Sunday, August 29, 2010



Not everyone is lucky like me to have a friend like Donna. At least, I hope I'm considered her friend. Don't want to get too presumptuous.

I've known Donna and her Husband Wayne since the early 70s where I've handled their insurance on their farm, Wayne's Dairy in Waianae. Both were what I considered to be good, decent, human beings who worked hard every day, as one would expect to do when running a dairy. It is only when something happens that the normal person would consider to be a tragedy that ordinary people like the Costas begin doing extraordinary things.

Donna Costa, my hero
Over the years, the dairy industry has gone through a slow decline, mostly because of Hawaii's high property and business taxes, the Jones Act and excess regulations. Today, Hawaii has only one or two dairies left, from about a hundred 40 years ago. In the 1980s, the industry was devastated by the Heptachlor lawsuits, where the dairies were buying feed from the pineapple industry. The feed was tainted with heptachlor, which also tainted the milk.

I once thought I was helping them when they were milking. Donna began screaming at me to stop when she noticed that I was trying to milk their bull. Wayne, being a kinder, gentler person who wouldn't think of telling someone what to do, would've likely let me continue.

In May, 1994, an event happened that changed their lives. Their grandson, Cody, who was two at the time, was watching T.V. at a friend's house with a 5 year old boy who had Down syndrome. As far as they know, the boy set fire to Cody's blanket with a lighter. Cody thought he had done something bad so he hid under the burning blanket.

Cody's prognosis was dim, given only 5% chance of survival by Kapiolani Hospital. He was burned over 80% of his body. When he lived past 48 hours, the Shriners got involved and sent Cody to Galveston for specialized treatment. He was in constant pain, writhing and making mewing sounds from his scorched vocal cords. The doctors were all covered from head to toe so as to not pass on any bacteria as they daily debrided the burnt tissues. Donna wondered how a human being could withstand such intense pain and trauma without losing one's mind and spirit. But, survive he did, and eventually thrived.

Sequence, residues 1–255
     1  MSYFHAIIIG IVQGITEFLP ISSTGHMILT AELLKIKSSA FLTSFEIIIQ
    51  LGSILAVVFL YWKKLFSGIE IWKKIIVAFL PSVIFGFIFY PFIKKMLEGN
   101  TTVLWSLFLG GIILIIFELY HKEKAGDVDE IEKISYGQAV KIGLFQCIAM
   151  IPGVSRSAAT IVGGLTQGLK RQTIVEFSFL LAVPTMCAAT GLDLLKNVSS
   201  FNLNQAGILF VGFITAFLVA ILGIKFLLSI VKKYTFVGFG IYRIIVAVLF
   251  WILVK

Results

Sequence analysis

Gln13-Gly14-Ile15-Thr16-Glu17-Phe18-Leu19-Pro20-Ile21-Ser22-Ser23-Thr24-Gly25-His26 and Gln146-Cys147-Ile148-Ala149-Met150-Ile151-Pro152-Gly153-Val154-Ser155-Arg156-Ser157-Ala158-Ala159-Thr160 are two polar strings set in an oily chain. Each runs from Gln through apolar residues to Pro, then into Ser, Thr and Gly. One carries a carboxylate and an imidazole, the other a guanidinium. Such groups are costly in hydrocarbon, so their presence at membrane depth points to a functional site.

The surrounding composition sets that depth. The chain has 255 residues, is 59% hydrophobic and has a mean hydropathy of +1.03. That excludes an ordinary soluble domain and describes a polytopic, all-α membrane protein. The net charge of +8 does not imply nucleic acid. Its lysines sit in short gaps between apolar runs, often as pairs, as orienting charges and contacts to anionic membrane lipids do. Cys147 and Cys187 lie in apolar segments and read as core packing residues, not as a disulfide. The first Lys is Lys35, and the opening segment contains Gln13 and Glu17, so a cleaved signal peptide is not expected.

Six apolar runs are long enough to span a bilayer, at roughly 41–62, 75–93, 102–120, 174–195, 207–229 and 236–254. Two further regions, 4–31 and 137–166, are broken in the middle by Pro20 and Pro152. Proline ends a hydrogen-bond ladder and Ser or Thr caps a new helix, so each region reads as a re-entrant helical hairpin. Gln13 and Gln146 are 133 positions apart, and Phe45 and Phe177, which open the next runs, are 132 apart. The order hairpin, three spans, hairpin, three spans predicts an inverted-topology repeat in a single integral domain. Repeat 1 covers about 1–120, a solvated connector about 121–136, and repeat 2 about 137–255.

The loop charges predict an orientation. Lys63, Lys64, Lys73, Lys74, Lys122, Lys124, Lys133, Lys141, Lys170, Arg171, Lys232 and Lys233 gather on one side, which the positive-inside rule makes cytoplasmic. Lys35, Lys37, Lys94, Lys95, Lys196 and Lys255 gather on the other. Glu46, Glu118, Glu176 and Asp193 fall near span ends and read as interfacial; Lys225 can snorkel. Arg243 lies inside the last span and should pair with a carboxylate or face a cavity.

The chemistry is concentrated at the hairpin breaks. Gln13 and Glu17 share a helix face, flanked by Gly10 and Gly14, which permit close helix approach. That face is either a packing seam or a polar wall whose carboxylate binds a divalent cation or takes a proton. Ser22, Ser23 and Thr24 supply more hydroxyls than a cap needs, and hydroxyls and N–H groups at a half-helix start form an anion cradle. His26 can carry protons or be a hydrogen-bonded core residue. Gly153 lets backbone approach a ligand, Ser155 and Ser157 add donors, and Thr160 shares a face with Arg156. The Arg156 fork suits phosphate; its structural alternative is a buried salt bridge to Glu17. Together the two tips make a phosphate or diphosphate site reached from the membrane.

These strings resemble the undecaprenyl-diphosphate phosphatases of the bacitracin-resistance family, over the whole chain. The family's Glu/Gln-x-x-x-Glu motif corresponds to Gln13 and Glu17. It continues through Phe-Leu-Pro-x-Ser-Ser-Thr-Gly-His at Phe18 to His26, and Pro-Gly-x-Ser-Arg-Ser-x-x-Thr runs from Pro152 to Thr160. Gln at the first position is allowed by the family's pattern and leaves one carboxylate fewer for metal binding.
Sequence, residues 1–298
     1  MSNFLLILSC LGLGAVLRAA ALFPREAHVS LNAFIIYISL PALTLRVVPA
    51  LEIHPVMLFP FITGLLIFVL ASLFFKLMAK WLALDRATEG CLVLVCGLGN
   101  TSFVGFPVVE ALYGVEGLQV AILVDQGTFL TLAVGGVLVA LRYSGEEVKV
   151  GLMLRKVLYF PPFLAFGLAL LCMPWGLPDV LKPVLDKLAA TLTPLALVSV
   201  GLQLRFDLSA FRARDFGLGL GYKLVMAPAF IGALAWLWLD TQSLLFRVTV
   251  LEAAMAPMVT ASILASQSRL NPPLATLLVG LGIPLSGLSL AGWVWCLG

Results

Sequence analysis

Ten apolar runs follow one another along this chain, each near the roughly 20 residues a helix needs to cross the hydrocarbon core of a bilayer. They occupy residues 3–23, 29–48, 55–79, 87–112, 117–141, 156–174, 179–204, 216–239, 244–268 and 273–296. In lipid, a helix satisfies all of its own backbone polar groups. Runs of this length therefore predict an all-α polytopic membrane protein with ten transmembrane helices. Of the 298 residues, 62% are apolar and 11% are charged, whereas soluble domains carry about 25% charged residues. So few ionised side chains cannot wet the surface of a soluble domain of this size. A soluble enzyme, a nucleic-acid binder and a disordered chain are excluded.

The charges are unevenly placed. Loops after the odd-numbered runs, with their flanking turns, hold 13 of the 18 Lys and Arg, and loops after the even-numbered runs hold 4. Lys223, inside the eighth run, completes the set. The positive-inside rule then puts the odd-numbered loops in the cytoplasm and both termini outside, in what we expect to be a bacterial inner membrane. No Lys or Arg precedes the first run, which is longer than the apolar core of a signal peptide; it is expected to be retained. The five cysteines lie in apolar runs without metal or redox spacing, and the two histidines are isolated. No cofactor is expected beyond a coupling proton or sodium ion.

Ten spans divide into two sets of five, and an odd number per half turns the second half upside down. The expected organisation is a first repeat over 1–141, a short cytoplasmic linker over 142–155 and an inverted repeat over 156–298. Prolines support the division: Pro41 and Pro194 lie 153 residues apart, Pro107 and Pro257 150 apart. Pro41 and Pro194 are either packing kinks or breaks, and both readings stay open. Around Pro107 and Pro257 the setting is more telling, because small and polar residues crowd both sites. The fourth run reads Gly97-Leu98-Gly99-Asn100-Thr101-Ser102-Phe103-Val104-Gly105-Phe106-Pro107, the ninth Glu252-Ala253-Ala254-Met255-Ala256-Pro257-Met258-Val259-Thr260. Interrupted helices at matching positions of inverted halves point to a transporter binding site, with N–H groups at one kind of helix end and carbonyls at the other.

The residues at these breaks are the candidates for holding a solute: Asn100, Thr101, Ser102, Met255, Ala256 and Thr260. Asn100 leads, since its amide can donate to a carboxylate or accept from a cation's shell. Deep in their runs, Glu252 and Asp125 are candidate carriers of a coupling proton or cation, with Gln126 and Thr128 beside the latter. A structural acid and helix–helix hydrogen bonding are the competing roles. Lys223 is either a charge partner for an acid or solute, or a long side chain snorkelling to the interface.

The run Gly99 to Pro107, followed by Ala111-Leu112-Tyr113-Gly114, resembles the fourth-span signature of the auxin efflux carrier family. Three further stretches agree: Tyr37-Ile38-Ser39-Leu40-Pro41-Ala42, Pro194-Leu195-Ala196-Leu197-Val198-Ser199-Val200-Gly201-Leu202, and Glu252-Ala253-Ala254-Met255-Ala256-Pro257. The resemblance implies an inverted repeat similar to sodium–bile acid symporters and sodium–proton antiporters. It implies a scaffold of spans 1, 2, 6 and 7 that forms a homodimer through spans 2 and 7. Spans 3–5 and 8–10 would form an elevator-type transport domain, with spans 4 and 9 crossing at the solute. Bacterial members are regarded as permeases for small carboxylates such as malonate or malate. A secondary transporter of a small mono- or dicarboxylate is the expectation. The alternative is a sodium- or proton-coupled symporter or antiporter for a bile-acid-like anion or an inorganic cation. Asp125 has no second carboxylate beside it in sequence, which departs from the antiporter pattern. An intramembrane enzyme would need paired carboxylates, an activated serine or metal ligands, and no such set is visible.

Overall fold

Donna and Wayne gained custody over Cody in 1998 and had him involved in soccer, swimming and scouting. Donna first volunteered at the elementary school Cody attended and later became a substitute teacher so she was always close by. She stood by with a lump in her throat as other children referred to Cody as a "monster" and adults using Cody's condition as an example of "what happens when you play with matches".

Cody has had over 50 surgical operations over the years and will be getting another one in September on his eyelids.

Cody was enrolled in Island Pacific Academy in middle school and just graduated as part of their first graduating class of 2010. He was even voted by his classmates as the prom King at their Senior Prom. Cody will be attending OTIS College of Arts in Los Angeles to pursue his art. For the first time, Donna won't be close by as he attends school and goes through his daily life on his own.

Oh, I forgot to mention that Cody is considered legally blind with marginal vision. His sight deteriorated over the years because he has no eyelids or lashes to protect his eyes. The purpose of the operation in September is to try to reconstruct the eyelids. Oh, and he doesn't have hands. His right hand was amputated above the wrist and the fingers and thumb were amputated on the left hand. He just returned from S.F. where they reconstructed his upper lip since he doesn't have one. Yet, he has been able to achieve what every child needs to achieve scholastically. All with courage that I wish I had.

Cody refuses to consider himself handicapped and thus refuses to learn how to be a blind person. And he has refused the use of prosthetics.

Cody as Island Pacific 2010 Senior Prom King

I tip my hat to Donna and Wayne for guiding this fine young man. His classmates at Island Pacific Academy and the faculty were super in supporting this young man and turned him into the fine adult that he has become. And, of course, Cody for the courage and the toughness he needed to come this far. He refuses to lose at anything.

Donna didn't want me to do a feature on her. She believes that she was blessed to be given the opportunity to be a part of Cody's life and is even today, amazed at his resiliency. I am grateful that she was able to share his story with me. And with us.

He is destined to achieve greatness as a contributing member of our society. I guarantee it.

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